I have much respect for a place where garlic is sold by the half kilo. Minimum weight.
I think this could be my sort of town – Dili is immensely complex: the very recent history so astonishing, the people so resilient. Dili is large enough to have variety, be absorbed by, and small enough to get around. It has the same population as Geelong or Hobart.
This is an incredibly special time for Timor-Leste – no longer a Portuguese colony, no longer under Indonesian occupation, and now standing as a sovereign nation without the United Nations Integrated Mission in East Timor. This extraordinary little country is realising what so many people died to achieve – true self-governance. And I’m honoured to see it.
I stayed in a convent while I found somewhere to live. Setting up my flat took perseverance, sweat, USD, and a high tolerance to cockroaches. My first night in the compound was spent in my tent on a veranda: I’ve since made such great progress that I now sleep inside.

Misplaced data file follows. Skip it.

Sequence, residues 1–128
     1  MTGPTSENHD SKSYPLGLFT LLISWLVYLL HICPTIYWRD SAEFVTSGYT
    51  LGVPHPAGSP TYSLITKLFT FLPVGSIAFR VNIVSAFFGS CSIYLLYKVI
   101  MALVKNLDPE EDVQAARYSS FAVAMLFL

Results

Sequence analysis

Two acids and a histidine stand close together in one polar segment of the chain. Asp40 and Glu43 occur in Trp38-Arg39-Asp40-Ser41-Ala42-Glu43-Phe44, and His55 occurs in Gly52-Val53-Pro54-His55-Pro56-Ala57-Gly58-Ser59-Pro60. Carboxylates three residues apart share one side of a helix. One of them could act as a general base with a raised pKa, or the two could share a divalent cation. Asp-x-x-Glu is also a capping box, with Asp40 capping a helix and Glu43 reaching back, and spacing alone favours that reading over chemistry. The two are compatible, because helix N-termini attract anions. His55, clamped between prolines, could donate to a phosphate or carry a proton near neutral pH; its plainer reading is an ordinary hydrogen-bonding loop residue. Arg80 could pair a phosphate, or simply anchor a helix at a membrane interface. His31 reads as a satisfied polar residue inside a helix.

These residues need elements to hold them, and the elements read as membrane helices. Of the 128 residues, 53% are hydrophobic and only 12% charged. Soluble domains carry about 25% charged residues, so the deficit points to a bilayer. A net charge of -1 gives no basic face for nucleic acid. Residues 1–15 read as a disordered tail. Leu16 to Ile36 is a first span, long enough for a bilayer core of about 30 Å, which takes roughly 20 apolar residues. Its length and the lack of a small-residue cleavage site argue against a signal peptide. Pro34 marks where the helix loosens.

Doing anything here is complicated and takes a huge amount of time – having successfully acquired a gas bottle, water, electricity and furniture, I most victoriously drank a bottle of wine. The cockroaches are internally displaced persons; they are confused by the changes to the flat, and the frenzied cleaning, and have almost all migrated elsewhere. Geckoes, crabs, daddy longlegs, an assortment of mosquitoes, and ants remain. I’m ok with that.
In the compound, I practice my poor language skills by trying to communicate with the security men who live in a corrugated iron shack, beside the heavy reinforced gate. Buildings here indicate a history of violence. High fences, razor wire, guard dogs (and chickens), the occasional military presence, are standard. My day-to-day life has not been impacted by any hostility, but I’m under strict instructions to not be out after dark, and to live in a guarded compound. The built environment tells its own story of a city that has been through some very heavy shit.
I haven’t felt unsafe at any point in the last month, I haven’t seen any violence – but the city tells its own story.
The second day in my flat I’m cooking garlic, and in walks a cat. Mister Busa has stayed. I’m happy for the company, and he is happy with the dog food I feed him – cat food is hard to come by. I try not to make any sudden movements, and I like to think that he tries not to attack me – but he always does. He can be a bit scary sometimes, but he likes my company, and I’m happy he is around.
I think this is the sort of place I can be happy. I’ve bought furniture. I’m nesting.